Israel’s latest diplomatic flap is with itself

A labor dispute at Israel's Foreign Ministry nearly derailed a trip to Israel in June by Russian Foreign Minister Sergey Lavrov -- seen here at a news conference with Israeli counterpart Avigdor Leiberman -- when nobody came to pick Lavrov up from the airport. (Miriam Alster / Flash90)

A labor dispute at Israel’s Foreign Ministry nearly derailed a trip to Israel in June by Russian Foreign Minister Sergey Lavrov — seen here at a news conference with Israeli counterpart Avigdor Leiberman — when nobody came to pick Lavrov up from the airport. (Miriam Alster / Flash90)

A labor dispute at Israel's Foreign Ministry nearly derailed a trip to Israel in June by Russian Foreign Minister Sergey Lavrov, seen here at a news conference with Israeli counterpart Avigdor Leiberman, when nobody came to pick Lavrov up from the airport.  (Miriam Alster / Flash90)

A labor dispute at Israel’s Foreign Ministry nearly derailed a trip to Israel in June by Russian Foreign Minister Sergey Lavrov, seen here at a news conference with Israeli counterpart Avigdor Leiberman, when nobody came to pick Lavrov up from the airport. (Miriam Alster / Flash90)

JERUSALEM (JTA) — In Israel’s latest diplomatic flap, actions by Mossad agents in Greece have caused a normally friendly foreign ministry to sever ties with the Israeli intelligence agency.

The foreign ministry in question? Israel’s own.

It’s all part of a labor dispute at the Israeli Foreign Ministry that threatens to harm Israel’s delicate diplomatic relationships, scuttle overseas trips by Prime Minister Benjamin Netanyahu — including this week’s to Washington — and bring Israel international embarrassment.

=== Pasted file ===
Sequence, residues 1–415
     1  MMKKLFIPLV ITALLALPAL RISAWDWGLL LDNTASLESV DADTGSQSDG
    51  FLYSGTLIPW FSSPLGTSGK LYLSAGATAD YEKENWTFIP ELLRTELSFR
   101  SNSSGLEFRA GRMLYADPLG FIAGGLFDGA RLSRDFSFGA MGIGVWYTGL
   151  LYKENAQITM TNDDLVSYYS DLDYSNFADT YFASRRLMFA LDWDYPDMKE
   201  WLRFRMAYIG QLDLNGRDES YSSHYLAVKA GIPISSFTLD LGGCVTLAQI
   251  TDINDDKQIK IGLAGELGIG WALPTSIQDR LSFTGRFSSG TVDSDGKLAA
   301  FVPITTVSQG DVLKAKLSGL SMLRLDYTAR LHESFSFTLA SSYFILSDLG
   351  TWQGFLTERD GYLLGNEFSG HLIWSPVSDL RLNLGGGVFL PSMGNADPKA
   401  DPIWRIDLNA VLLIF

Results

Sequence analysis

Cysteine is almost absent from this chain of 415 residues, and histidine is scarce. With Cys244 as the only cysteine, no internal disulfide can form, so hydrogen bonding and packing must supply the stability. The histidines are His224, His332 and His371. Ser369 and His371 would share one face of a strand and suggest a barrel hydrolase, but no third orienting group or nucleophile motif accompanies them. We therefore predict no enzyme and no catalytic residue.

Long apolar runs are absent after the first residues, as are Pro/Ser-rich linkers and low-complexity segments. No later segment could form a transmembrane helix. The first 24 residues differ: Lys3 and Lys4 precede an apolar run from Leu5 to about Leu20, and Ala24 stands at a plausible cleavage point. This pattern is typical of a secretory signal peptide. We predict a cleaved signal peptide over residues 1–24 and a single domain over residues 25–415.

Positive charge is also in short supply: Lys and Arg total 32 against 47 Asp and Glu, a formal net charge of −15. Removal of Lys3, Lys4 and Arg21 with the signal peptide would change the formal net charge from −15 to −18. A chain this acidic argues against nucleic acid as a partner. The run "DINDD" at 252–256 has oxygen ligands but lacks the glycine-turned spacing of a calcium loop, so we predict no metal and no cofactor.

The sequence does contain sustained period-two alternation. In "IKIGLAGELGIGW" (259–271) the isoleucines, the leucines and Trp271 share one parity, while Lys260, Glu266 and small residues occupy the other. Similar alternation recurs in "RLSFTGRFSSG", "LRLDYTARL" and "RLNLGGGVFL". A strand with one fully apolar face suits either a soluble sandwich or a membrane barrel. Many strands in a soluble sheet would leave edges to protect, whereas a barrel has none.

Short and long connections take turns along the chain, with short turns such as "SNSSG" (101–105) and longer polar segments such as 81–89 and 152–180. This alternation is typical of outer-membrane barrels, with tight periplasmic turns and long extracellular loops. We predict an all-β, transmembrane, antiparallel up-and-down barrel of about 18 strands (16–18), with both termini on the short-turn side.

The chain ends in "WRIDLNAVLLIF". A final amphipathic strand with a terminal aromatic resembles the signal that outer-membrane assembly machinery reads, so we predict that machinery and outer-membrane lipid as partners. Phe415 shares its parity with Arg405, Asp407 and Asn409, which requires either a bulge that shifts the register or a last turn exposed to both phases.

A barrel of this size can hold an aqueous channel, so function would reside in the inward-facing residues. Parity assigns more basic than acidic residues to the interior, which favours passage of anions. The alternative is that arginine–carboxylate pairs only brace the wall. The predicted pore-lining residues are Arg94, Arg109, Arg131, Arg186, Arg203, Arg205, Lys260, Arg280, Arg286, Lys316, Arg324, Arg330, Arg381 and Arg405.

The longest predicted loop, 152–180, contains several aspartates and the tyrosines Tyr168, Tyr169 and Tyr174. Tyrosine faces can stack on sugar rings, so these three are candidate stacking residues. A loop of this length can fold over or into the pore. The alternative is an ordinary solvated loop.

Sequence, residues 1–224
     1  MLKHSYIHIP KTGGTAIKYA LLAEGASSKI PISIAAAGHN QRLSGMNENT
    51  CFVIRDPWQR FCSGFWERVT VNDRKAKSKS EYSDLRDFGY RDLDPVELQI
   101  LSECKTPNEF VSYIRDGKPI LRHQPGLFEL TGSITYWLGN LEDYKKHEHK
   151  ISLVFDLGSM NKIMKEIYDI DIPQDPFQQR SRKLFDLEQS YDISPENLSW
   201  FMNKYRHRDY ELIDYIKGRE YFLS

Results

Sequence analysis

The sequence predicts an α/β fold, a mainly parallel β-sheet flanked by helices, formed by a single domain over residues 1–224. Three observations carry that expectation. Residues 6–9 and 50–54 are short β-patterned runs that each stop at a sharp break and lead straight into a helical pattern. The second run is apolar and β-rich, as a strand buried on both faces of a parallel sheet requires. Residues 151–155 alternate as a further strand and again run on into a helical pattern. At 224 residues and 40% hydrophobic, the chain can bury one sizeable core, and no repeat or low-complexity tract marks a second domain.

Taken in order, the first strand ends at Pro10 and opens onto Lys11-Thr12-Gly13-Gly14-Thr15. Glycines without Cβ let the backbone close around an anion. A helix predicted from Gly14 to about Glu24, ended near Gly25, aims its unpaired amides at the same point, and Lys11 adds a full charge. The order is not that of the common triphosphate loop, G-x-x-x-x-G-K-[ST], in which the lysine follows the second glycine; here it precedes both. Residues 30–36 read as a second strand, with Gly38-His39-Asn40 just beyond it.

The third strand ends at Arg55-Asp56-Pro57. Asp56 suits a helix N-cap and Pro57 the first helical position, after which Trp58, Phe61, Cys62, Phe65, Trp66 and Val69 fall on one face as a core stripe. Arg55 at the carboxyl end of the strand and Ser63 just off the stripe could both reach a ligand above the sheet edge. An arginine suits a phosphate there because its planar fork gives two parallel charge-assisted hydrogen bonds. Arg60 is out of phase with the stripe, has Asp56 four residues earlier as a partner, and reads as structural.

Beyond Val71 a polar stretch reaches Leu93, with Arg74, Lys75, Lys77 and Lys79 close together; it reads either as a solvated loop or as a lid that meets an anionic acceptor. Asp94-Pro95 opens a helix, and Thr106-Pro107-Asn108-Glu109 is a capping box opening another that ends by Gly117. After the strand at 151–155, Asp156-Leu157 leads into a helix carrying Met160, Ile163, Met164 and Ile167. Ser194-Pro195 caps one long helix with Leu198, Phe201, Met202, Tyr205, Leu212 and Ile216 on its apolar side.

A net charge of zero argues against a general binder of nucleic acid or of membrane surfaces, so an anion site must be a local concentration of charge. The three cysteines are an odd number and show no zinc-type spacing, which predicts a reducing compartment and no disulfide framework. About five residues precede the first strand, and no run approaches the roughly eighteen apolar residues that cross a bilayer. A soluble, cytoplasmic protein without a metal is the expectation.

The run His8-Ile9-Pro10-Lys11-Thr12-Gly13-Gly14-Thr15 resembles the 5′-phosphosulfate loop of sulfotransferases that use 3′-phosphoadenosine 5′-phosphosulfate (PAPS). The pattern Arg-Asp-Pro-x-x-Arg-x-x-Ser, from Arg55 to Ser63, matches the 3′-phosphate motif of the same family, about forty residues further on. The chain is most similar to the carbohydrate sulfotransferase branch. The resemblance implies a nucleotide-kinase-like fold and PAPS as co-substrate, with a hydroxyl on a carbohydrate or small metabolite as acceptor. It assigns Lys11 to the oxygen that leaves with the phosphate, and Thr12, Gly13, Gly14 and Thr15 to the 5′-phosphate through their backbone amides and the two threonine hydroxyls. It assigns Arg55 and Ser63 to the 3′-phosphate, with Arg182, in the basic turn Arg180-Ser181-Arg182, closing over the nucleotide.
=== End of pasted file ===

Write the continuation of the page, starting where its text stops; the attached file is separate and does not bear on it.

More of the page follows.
Only an 11th-hour appeal from Foreign Minister Avigdor Lieberman saved Netanyahu from suffering the consequences during his planned trip to Washington this week for a summit with President Obama and Palestinian Authority President Mahmoud Abbas. On Monday, Foreign Ministry workers on a work slowdown decided that they would, after all, handle Netanyahu’s visit to the U.S. capital.

"Given the importance of the occasion and our sense of national responsibility, we will probably allow our employees to provide all the necessary services," Hanan Goder, chairman of the workers’ committee, told JTA.

Just a few days earlier the diplomats, already barely on speaking terms with the Prime Minister’s Office, the Treasury and the Mossad intelligence agency, threatened to suspend ties with the Israel Defense Forces.

It was just the latest salvo in a six-month pay dispute at the Foreign Ministry.

The threat against the IDF came after Netanyahu, fearing that he might be left in the lurch in Washington without any support staff, approached the IDF’s procurement division in D.C. for possible help with his visit. That led to an angry letter from the Foreign Ministry workers’ committee to IDF Chief of Staff Gabi Ashkenazi urging him not to allow the government to use the army as strike breakers. To do so "would violate democratic norms," the strike leaders argued.

Eventually the Foreign Ministry staff agreed to serve Netanyahu during his visit while maintaining all other strike action.

The Foreign Ministry officials launched their work slowdown in February by withholding political estimates and position papers, as well as restricting contacts with the Prime Minister’s Office and the National Security Council. They also stopped sending diplomatic cables and providing logistics for visits by Israeli dignitaries abroad.

In June, staffers started coming to work in jeans and sandals rather than their regular business attire.